Introduction: faith-based centers are major providers of residential treatment for substance use problems in Mexico, but relatively few studies have been conducted in this context. Objective: to explore factors associated with treatment retention in two faith-based (with different religious orientation) residential treatment facilities for male drug users in Tijuana, Mexico. Method. We conducted an exploratory follow-up study of 328 clients admitted during 2014-2015 to either an Evangelical Pentecostal center or a faith-based center without a specific religious affiliation. The main outcome was retention, defined as remaining in treatment for at least three months. Results: among participants, the retention rate was 38.7%. Multivariate logistic regression models showed that age (OR 1.04; 95% CI [1.01, 1.06]; p = .002) and having used heroin or opioids in the past 30 days (OR .50; 95% CI [.25, 1.00]; p = .049) were associated with retention. Having a personal religious affiliation was associated with retention in the Evangelical Pentecostal center, but not in the center without a specific religious affiliation. Discussion and conclusion: the retention rate was low, but within the previously reported range. The interaction of personal religious affiliation and the religious orientation of the center suggests that a match between a person’s religious convictions and those of the center could be important for retention. More research is needed to clarify the utility of faith-based centers for religious and non-religious drug users.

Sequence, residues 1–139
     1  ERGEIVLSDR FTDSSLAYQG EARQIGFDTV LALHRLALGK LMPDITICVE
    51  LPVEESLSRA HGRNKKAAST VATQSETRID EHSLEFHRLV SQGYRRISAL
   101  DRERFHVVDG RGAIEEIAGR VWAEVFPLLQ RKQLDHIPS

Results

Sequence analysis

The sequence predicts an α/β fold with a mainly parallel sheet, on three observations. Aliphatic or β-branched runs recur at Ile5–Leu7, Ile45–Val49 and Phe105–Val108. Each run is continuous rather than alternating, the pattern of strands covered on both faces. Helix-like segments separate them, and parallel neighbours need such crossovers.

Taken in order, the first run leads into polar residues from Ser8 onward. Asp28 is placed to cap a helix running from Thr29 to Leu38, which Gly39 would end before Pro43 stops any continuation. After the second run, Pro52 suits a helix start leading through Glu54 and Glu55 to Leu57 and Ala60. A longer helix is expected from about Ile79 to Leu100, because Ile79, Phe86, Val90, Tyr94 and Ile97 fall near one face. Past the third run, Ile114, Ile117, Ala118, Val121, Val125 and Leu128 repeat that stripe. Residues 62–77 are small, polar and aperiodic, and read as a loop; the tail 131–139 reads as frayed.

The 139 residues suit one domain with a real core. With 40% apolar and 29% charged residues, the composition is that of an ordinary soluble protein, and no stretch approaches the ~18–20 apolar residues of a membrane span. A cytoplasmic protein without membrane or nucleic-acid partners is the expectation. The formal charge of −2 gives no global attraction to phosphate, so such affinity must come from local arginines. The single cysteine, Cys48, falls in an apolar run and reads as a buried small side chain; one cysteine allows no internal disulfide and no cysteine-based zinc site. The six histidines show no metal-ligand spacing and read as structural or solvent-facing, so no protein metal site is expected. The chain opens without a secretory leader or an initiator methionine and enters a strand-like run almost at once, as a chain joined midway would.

Vol. 41 Núm.4. Julio-Agosto 2018 Pags. 179-186 Salud Ment 2018; 41(4)